Like many of the conference keynotes, McDowell is absurdly media-savvy, a prolific presenter, author or co-author of 120 books including the 15 million-selling More Than a Carpenter, about you-know-who. Other far-right erudites on the agenda included Gary Habermas (36 books, half of which attempt to prove the historicity of Jesus’ resurrection), William Dembski (20 books, including the first on Intelligent Design published by a university press), and Michael Brown (20 books, popular radio host).

Apologetics is the opposite of an apology. The mission of the conference was to equip academic Evangelicals with talking points to defend their position on topics such as “The Nature of God,” “The Best Objection to Evolution,” “Refuting the New Atheism,” and “Philosophical Foibles of Modern Physics.” A discipline as old as religion itself, apologetics basically means “explaining our beliefs to outsiders.”

Outsiders were not much in evidence among the well-behaved crowd of believers, but they hovered in the skies like a metaphorical Death Star. Indeed, among the 120 sessions wedged into two endless 12-hour days, one by S.E.S. professor Richard Howe was called “The Religion of the Force: A Look at Star Wars.” After betraying a mastery of minutiae as impressive as that of any Star Warrior in a wookie suit, Howe concluded: “The Force in Star Wars is very much like what you find in witchcraft and the occult.”

More seriously, the assembled apologists feared what they ominously call “The Culture,” which they see as an almost overwhelming Force of God-denying moral wafflers, evolutionists and sexual predators. The most chilling presentation was Josh McDowell’s “One Click Away” about the horrors of — believe it or not — internet pornography. McDowell spewed a torrent of statistics that I can only pray are not true: 67% of 12-25 year olds go to porn sites; 56% of divorces are caused by porn; one-third of eight year-olds “regularly” view sex acts online.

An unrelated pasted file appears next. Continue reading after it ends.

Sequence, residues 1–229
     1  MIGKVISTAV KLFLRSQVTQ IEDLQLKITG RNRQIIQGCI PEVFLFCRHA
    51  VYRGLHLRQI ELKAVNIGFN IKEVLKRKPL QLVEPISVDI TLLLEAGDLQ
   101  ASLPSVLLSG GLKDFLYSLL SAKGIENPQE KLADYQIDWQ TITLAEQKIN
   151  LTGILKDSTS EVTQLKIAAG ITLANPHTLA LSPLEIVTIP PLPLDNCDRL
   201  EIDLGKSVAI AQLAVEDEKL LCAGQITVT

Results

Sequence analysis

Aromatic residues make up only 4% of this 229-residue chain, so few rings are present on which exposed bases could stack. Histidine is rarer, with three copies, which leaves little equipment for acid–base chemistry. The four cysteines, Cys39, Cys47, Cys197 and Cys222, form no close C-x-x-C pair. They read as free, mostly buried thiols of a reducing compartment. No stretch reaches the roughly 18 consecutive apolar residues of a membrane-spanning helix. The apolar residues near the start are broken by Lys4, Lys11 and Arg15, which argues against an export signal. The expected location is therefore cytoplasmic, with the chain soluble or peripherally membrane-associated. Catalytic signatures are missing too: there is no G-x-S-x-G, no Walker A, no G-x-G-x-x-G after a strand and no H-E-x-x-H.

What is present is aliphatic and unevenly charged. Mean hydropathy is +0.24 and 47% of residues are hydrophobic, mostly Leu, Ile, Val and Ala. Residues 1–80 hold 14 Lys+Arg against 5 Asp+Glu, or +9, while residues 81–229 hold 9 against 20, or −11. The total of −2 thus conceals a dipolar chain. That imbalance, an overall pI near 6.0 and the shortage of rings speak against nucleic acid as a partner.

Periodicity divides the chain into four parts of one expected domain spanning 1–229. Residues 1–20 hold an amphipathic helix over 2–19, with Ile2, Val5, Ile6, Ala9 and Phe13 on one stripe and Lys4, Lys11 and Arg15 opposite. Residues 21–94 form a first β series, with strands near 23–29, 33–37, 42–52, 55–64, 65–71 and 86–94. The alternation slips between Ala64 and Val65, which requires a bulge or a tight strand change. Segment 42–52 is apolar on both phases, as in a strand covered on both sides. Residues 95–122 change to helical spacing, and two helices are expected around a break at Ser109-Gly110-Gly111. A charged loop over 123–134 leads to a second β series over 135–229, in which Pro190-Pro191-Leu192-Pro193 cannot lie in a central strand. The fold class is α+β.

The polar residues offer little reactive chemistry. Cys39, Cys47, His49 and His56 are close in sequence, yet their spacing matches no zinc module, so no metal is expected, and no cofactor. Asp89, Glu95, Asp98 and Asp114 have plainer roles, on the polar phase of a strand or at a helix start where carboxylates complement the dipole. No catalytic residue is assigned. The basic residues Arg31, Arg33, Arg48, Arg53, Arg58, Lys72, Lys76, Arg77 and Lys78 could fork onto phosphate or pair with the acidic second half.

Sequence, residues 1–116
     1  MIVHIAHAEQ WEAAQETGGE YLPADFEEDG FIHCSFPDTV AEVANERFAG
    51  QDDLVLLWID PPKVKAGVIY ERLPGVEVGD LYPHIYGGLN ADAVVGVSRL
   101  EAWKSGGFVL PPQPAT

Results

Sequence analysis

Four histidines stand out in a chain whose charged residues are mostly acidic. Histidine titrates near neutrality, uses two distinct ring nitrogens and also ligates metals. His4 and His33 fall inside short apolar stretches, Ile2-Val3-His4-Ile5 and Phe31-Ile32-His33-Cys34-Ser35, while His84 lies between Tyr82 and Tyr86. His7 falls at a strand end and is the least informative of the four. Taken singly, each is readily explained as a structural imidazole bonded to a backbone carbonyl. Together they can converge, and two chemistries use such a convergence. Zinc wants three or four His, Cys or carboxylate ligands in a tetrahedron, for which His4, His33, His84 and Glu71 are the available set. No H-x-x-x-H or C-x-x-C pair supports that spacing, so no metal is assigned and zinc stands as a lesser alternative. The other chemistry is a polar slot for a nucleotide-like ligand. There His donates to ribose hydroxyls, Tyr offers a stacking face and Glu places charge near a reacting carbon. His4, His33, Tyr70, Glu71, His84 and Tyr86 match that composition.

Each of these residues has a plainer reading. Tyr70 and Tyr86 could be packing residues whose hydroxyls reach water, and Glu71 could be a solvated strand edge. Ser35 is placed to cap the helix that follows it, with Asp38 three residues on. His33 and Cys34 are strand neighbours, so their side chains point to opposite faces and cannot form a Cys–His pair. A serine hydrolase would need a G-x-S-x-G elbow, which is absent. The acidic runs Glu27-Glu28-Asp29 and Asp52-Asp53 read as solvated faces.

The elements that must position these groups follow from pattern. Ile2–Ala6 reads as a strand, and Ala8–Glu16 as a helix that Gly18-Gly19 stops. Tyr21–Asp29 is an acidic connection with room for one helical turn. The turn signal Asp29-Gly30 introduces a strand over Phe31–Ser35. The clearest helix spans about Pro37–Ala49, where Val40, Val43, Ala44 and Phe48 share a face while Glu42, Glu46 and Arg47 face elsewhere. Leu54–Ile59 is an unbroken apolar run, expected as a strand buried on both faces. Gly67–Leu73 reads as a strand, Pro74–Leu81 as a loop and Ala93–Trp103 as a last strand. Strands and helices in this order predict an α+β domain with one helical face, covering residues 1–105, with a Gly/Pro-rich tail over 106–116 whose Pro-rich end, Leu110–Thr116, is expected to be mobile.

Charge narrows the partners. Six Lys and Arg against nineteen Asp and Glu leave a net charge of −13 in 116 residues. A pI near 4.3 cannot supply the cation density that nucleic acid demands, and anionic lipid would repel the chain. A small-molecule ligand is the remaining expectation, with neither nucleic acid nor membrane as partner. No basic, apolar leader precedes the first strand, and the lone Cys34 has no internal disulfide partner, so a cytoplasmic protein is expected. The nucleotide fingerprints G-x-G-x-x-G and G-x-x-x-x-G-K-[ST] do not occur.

Yikes. Of course, the 70-ish McDowell is a professional yarn-spinner who claims to have delivered 24,000 talks over 51 years, which at an average of 1.3 per day makes one wonder. But his point is clear: Our kids are being podnapped by a liberal culture that is the moral equivalent of a pack of wild boars. This might seem beside the apologetic point until you realize the #1 Evangelical “proof” for the existence of God is the so-called “moral argument,” i.e., that there is an obvious universal standard of right and wrong that would not exist were there not a universal creator. Anyone who denies this standard – or that it comes from God – is guilty of “relativism,” about as close to a curse word as you’ll get from this crowd.

McDowell’s talk was an outlier in that he didn’t mention the Darth Vader of the conference, a man potentially more famous in Evangelical circles than in his own family: evolutionary biologist and author of The God Delusion, Richard Dawkins. Moreso than the other members of the so-called New Atheist anti-God squad of Christopher Hitchens, Daniel Dennett and Sam Harris, Dawkins is seen as a deadly adversary because of his mastery of the evidence for evolution.

Why are Evangelicals so obsessed by evolution? In the words of William Dembski, a floppy-haired academic and Intelligent Design apologist with impressive credentials (Ph.D.’s in math and philosophy), “They [i.e., evolutionists] really think this makes a case for atheism.” He’s troubled by the so-called “theistic evolution” movement championed by scientist-Christians such as Ken Miller and Francis Collins of the Human Genome Project, who believe in God without rejecting evolution.

Next time: The most dramatic plenary!

After the Rapturin’ … I’m Still in Love with You!

Sananda from the Planet Clarion